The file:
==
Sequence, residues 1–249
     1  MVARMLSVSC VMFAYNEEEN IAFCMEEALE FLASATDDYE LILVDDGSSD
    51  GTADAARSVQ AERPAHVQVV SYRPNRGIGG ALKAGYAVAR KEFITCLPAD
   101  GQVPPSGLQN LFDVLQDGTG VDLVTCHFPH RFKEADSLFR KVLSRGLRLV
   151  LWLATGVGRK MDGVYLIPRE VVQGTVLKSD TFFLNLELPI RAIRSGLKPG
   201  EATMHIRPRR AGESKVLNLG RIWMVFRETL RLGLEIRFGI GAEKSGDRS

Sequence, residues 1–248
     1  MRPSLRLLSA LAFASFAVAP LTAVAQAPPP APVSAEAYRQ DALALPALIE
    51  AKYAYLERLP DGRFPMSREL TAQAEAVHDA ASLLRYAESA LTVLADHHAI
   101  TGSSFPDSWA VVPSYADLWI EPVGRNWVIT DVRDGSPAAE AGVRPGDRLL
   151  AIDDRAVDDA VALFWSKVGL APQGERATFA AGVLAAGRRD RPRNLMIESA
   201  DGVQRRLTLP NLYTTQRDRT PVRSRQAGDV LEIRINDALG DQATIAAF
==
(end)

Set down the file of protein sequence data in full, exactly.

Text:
Sequence, residues 1–249
     1  MVARMLSVSC VMFAYNEEEN IAFCMEEALE FLASATDDYE LILVDDGSSD
    51  GTADAARSVQ AERPAHVQVV SYRPNRGIGG ALKAGYAVAR KEFITCLPAD
   101  GQVPPSGLQN LFDVLQDGTG VDLVTCHFPH RFKEADSLFR KVLSRGLRLV
   151  LWLATGVGRK MDGVYLIPRE VVQGTVLKSD TFFLNLELPI RAIRSGLKPG
   201  EATMHIRPRR AGESKVLNLG RIWMVFRETL RLGLEIRFGI GAEKSGDRS

Sequence, residues 1–248
     1  MRPSLRLLSA LAFASFAVAP LTAVAQAPPP APVSAEAYRQ DALALPALIE
    51  AKYAYLERLP DGRFPMSREL TAQAEAVHDA ASLLRYAESA LTVLADHHAI
   101  TGSSFPDSWA VVPSYADLWI EPVGRNWVIT DVRDGSPAAE AGVRPGDRLL
   151  AIDDRAVDDA VALFWSKVGL APQGERATFA AGVLAAGRRD RPRNLMIESA
   201  DGVQRRLTLP NLYTTQRDRT PVRSRQAGDV LEIRINDALG DQATIAAF